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There are n red & n blue jugs of different sizes and shapes. All red jugs hold different amounts of water as the blue ones. For every red jug, there is a blue jug that holds the same amount of water, and vice versa. The task is to find a grouping of the jugs into pairs of red and blue jugs that hold the same amount of water.

Operation allowed: Pick a pair of jugs in which one is red and one is blue, fill the red jug with water and then pour the water into the blue jug. This operation will tell you whether the red or the blue jug can hold more water, or if they are of the same volume. Assume that such a comparison takes one time unit. Your goal is to find an algorithm that makes a minimum number of comparisons to determine the grouping.

You may not directly compare two red jugs or two blue jugs.

  1. Prove a lower bound of Θ(n lg n) for the number of comparisons an algorithm solving this problem must make.

  2. Give a randomized algorithm whose expected number of comparisons is O(n lg n)

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closed as off topic by Daniel Moskovich, Ryan Budney, Yemon Choi, Simon Thomas, Theo Johnson-Freyd Sep 7 '10 at 0:45

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You should search the net before asking. This seems to answer your question. Moreover, your question sounds like an exercise from an algorithms textbook to me. – Somnath Basu Sep 6 '10 at 18:05
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The lower bound can be gotten the same way we get a lower bound of $O(n \log n)$ for comparison-based sorting. Each comparison of jugs produces one of three possible outcomes, which is at most $\log_2 3 = O(1)$ bits of information. But we need to distinguish among $n!$ possible matchings of red and blue jugs, which requires $\log_2(n!) = O(n \log n)$ bits.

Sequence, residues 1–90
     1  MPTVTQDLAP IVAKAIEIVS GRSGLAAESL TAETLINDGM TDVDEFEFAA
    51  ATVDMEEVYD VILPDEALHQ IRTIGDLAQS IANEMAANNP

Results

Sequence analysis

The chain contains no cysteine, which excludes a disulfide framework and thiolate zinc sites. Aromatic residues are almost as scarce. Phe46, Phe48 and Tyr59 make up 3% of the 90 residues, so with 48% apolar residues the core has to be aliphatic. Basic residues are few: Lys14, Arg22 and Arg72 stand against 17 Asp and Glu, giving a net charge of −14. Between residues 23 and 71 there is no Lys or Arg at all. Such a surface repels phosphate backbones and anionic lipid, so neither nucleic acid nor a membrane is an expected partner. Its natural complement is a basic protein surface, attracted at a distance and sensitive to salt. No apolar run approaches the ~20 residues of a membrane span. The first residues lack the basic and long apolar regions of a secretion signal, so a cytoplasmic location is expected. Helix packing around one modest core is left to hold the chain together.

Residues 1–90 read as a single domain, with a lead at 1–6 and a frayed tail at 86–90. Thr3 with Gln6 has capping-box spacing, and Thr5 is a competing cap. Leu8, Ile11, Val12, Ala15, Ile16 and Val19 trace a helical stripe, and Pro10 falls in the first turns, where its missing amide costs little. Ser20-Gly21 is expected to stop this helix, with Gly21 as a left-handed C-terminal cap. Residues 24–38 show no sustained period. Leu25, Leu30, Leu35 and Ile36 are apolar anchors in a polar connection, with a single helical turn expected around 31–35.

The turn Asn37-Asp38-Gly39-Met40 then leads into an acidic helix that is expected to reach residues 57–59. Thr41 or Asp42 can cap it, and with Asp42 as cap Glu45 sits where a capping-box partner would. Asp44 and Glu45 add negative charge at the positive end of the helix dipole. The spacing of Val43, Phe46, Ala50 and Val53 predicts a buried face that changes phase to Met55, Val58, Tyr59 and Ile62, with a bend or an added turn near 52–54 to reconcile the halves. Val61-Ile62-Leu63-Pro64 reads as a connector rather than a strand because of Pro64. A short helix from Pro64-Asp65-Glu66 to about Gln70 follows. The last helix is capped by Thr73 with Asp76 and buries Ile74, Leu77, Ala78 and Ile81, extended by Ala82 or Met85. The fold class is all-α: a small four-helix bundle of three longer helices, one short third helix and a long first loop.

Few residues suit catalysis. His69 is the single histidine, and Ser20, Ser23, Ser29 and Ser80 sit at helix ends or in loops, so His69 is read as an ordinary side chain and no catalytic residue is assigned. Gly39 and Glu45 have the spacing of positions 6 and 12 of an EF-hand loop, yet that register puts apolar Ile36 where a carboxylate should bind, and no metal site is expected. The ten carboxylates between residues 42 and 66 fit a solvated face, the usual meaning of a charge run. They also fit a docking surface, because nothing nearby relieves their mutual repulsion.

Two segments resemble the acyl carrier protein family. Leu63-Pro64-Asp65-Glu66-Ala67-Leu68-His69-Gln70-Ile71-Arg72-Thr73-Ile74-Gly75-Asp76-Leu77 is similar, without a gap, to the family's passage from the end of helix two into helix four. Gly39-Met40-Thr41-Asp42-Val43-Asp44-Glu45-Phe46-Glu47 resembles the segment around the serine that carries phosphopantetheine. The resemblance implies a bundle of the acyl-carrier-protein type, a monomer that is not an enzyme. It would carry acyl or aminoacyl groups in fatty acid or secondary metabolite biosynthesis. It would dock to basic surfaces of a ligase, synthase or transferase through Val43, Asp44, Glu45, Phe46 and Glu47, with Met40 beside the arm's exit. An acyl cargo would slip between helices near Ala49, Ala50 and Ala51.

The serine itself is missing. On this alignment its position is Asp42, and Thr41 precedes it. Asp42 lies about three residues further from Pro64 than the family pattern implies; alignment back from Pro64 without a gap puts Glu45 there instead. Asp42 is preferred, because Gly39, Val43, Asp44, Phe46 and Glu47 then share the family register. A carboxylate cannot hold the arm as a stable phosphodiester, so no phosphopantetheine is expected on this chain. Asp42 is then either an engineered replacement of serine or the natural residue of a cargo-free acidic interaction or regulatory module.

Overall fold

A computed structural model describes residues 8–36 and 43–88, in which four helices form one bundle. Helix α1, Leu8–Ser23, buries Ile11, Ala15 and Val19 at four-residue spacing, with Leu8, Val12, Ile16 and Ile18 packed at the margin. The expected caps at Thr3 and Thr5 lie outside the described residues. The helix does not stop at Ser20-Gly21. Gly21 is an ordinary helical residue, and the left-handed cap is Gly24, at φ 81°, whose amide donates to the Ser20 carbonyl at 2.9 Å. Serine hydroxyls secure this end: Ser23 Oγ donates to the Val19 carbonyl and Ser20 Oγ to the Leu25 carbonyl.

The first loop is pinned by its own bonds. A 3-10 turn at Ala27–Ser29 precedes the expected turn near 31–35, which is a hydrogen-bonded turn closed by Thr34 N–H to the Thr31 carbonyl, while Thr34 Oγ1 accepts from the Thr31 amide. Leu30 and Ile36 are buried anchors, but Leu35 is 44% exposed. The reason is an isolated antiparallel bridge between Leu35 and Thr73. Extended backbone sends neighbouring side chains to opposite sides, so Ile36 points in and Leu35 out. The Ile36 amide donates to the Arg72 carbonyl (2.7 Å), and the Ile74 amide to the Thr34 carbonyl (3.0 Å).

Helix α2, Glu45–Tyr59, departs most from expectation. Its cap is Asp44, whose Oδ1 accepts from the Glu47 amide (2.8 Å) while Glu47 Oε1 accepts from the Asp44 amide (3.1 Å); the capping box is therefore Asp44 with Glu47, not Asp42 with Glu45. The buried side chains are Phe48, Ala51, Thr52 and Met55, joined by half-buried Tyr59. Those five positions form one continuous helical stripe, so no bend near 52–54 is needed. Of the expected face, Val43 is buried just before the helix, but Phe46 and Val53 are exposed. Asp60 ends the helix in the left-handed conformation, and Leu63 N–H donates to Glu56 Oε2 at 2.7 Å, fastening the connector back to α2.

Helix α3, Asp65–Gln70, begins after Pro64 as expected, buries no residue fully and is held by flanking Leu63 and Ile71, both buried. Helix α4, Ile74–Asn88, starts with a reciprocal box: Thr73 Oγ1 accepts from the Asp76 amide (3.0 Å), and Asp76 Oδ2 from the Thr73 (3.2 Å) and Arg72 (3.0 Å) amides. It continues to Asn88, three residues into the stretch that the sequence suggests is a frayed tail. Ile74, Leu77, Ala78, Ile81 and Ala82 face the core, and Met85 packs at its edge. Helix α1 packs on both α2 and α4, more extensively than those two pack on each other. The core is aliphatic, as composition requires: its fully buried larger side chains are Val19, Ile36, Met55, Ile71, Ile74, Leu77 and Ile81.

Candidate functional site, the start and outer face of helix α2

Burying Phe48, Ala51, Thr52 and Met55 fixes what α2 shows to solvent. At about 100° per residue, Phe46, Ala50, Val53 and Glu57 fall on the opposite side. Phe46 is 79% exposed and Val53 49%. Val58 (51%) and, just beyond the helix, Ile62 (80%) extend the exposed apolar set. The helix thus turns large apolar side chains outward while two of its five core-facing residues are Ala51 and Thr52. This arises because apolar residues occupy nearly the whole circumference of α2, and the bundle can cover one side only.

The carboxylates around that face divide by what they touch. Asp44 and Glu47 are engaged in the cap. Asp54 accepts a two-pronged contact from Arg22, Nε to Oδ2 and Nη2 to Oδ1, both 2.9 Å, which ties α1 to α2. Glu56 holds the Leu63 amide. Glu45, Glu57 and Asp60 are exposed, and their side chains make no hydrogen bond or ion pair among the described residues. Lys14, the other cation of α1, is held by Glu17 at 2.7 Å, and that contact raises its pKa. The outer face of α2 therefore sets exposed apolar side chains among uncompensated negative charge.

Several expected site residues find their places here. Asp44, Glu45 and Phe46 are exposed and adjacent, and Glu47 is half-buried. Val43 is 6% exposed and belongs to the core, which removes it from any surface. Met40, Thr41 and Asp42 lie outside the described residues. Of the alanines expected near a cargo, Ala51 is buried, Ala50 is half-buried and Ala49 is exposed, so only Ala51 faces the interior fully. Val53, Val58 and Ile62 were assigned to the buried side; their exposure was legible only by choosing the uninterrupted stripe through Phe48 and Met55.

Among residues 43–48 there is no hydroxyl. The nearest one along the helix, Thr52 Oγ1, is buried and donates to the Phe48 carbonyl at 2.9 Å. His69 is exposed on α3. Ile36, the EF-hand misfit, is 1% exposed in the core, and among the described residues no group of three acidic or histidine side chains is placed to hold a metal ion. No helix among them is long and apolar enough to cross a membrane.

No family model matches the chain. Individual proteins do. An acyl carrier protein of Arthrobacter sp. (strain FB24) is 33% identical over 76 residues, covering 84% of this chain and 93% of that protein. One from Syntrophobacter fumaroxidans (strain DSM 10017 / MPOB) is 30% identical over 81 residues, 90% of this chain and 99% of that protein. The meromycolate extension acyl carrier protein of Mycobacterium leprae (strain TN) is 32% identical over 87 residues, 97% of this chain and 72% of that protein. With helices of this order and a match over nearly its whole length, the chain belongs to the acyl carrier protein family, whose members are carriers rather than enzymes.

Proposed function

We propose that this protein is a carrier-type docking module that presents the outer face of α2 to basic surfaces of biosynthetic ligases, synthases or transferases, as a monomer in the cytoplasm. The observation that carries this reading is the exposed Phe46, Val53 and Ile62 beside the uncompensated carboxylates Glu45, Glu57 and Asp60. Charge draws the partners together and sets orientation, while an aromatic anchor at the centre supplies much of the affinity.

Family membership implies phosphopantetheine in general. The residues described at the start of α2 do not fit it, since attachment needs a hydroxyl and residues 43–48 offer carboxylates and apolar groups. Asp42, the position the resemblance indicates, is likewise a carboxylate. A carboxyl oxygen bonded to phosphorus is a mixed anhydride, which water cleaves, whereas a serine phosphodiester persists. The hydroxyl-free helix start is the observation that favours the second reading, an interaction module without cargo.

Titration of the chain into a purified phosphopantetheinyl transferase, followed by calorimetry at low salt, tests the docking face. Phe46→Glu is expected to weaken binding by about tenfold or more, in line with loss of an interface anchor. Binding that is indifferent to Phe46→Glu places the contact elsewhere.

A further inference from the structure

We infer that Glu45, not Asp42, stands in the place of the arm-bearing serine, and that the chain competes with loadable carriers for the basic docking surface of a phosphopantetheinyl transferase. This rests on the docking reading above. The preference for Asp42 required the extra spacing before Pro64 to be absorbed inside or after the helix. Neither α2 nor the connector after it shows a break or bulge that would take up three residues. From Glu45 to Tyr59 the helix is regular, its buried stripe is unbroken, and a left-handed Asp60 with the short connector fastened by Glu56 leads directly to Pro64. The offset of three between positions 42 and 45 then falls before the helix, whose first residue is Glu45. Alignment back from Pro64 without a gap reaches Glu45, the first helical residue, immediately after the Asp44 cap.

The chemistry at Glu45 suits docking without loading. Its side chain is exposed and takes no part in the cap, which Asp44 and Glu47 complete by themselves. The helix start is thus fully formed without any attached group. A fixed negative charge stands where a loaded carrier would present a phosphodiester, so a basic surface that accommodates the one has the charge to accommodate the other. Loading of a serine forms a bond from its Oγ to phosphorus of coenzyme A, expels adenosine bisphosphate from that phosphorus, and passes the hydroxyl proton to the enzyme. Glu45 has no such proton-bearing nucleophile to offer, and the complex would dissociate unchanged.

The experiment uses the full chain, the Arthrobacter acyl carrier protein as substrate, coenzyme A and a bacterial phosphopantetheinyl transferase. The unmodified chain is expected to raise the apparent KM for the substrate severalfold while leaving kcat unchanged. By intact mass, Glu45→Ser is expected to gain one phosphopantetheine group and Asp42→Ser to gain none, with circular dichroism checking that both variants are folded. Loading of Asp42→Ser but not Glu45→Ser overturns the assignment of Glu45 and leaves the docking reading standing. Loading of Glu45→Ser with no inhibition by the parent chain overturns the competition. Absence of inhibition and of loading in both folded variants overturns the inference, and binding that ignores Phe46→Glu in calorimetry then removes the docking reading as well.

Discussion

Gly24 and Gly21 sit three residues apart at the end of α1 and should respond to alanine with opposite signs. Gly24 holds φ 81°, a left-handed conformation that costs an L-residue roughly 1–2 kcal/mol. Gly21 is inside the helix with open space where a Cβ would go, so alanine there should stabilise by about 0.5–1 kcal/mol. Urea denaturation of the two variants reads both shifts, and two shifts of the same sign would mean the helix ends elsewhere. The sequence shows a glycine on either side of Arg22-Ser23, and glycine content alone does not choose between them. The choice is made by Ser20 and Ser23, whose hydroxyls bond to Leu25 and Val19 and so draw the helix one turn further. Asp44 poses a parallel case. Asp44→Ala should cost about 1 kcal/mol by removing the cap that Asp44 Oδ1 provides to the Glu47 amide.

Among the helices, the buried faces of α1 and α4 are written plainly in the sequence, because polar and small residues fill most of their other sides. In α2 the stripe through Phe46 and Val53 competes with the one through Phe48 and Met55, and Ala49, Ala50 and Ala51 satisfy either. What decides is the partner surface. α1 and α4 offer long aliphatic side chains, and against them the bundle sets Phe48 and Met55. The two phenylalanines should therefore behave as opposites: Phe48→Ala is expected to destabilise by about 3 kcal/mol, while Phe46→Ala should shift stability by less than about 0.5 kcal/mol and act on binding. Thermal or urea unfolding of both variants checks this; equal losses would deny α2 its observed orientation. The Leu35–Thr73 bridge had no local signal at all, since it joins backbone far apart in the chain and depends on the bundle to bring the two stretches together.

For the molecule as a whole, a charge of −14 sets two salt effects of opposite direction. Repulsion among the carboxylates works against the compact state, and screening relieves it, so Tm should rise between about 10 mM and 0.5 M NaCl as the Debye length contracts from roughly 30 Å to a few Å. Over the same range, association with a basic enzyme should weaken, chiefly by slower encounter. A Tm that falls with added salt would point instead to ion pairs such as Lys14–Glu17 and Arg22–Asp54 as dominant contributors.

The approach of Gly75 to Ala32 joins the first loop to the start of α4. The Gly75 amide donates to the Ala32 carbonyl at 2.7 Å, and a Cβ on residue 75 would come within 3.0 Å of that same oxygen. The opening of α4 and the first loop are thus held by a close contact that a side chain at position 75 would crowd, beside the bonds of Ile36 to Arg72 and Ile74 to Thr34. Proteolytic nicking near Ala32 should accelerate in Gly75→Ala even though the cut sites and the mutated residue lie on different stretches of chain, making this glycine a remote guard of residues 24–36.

The overall problem can be solved with something very close to quicksort. Pick a red jug arbitrarily. Compare it against every blue jug. This will separate the blue jugs into one that is the same same size as the chosen red jug, a set of smaller blue jugs, and a set of bigger blue jugs. Use the same-size blue jugs to partition the red jugs the same way. Recursively apply this algorithm to the sets of larger and smaller red and blue jugs. The recursion bottoms out when there is only one jug of each color in a set.

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See "Matching nuts and bolts" by Alon et al from SODA 1994, on exactly this problem.

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